"Yes, I do think that developers rely on the community for fixes when they launch incomplete games, Andrew says. "All these fixes (for Dark Souls) reduce From Software's development time and the post-launch support required, and they also have a huge positive impact on sales. I think it's fair to say that developers are taking the fixing communities for granted!"

Although it's hard to think a developer would intentionally not fix issues affecting a game, it's heartening to know people will put in the leg-work to make fixes that can make a poor game better and sometimes even better than in its original state. PC modding is also essential for keeping older games available and running on newer versions of windows and more modern hardware. GOG.com does some great work in selling older games that come with built-in emulators, making it a cinch to run on a new PC -- but there's still room for modders to get involved.

"The size of the PC gaming back catalog is enormous -- it stretches back more than 25 years and includes tens of thousands of games. It seems a terrible waste that a whole body of games becomes incompatible every time we install a newer version of Windows. This is especially true when all it takes is a few simple tweaks and fixes to get older games working on modern systems."

As someone who spent a long time trying to get System Shock 2 to work on a modern PC, the efforts made by fans to make fixes and patches are invaluable to keep older games accessible for those wanting to play them now. Andrew told me "the System Shock 2 (on GOG.com) release actually comes bundled with a version of SS2Tool, a community fix pack for the game. And KOTOR 2's Restored Content Mod and widescreen fix must be responsible for nearly all of the sales of that game on Steam."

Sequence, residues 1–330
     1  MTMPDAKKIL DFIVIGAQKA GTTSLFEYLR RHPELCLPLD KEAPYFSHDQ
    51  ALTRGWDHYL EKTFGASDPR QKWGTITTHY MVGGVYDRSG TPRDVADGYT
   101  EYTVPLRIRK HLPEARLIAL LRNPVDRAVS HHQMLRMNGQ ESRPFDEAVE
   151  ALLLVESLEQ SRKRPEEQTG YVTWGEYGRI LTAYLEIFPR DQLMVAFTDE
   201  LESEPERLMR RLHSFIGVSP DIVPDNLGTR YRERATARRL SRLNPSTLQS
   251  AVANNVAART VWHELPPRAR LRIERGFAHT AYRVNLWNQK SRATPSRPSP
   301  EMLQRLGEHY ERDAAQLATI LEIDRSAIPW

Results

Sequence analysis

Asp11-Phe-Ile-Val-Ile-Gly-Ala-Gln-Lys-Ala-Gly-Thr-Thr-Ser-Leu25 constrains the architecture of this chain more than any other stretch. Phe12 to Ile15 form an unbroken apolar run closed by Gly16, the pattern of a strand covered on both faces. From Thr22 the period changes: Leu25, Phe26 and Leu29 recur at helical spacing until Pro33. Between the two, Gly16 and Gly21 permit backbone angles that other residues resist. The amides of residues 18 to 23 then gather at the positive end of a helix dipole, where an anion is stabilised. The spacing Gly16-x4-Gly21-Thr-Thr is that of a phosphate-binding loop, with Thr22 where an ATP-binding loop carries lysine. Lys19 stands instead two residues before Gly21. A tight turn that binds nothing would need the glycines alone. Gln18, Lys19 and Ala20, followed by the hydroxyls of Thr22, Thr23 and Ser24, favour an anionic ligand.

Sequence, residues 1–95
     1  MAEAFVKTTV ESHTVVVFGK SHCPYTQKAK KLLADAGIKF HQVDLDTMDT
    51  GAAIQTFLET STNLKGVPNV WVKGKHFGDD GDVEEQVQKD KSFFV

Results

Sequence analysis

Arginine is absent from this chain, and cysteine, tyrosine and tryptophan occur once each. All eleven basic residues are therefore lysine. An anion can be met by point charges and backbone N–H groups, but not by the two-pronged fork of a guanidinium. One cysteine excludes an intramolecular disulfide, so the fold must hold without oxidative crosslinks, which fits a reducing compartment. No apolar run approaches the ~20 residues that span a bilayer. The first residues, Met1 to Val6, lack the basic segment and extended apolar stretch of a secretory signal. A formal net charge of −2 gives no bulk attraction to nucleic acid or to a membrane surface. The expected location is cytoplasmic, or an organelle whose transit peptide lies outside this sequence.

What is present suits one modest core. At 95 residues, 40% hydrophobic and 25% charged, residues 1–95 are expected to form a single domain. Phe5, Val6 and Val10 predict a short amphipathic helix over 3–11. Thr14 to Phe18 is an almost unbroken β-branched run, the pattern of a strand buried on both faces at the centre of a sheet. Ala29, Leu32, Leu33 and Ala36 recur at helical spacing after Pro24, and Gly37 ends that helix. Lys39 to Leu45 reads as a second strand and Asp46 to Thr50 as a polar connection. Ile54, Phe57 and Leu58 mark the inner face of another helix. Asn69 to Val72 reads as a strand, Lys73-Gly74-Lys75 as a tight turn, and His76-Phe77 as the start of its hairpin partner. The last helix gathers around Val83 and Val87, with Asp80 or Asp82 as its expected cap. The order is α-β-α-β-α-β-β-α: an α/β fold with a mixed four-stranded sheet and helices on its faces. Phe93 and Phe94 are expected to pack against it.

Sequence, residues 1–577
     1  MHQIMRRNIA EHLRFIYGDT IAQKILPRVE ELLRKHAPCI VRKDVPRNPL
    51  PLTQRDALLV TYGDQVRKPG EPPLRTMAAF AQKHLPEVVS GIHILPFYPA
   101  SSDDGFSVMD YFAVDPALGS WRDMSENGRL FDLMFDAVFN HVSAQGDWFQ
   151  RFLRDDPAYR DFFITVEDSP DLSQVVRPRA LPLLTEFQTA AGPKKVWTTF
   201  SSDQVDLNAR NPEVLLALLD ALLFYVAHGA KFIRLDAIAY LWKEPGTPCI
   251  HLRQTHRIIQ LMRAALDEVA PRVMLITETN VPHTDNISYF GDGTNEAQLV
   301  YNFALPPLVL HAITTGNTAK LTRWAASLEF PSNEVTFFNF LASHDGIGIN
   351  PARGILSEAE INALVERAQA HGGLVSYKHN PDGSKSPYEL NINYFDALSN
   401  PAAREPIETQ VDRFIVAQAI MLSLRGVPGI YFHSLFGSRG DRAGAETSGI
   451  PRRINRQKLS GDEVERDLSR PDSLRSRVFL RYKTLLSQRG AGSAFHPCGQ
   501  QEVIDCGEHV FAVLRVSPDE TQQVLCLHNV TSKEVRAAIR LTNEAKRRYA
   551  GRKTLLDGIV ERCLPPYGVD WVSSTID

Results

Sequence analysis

So what does the future hold for the site in the coming years? "PCGamingWiki has gone from strength to strength since the site was founded in early last year," Andrew tells me. "The amount of interest we now get is staggering -- our March 2013 visitor numbers are seven times higher than they were in March 2012, and we are continually growing."

The idea of collecting all this knowledge from so many disparate sources seems like such an obvious one that it's hard to figure out why it took so long for such a site to exist. Collecting all these tweaks and guides is one thing but designing a site so people are able to actually go in and share their knowledge is just as important. 

"I think people are really drawn to the main concept of the site -- one page for every PC game containing all the fixes and workarounds you'll ever need. No more hunting around Google or through pages of forums and broken links -- if we have instructions which are wrong or need updating, you can go ahead and edit the page yourself, no account is required."

It's this ease of use that's making the wiki such an important part of PC gaming. Even when you're not having an issue with a particular game, it's great to get performance tips and tweaks that will improve your experience in even the smallest ways. What's more important is that the knowledge contained in the wiki will help keep older PC games playable on current and future hardware; unlike a console, you're very rarely able to dig out your old system to play older games that won't play ball on your current rig.

Andrew says this is the big goal for the team: "My ambition is that PCGamingWiki will have an up-to-date page of tweaks and fixes for every single PC game that has ever been made, providing a way of dipping back into the past quickly and easily. The size of the PC gaming back-catalog is enormous, it stretches back more than 25 years and includes tens of thousands of games. It seems a terrible waste that a whole body of games becomes incompatible every time we install a newer version of Windows."

If PCGamingWiki can even achieve 10% of that goal, then it will be truly invaluable.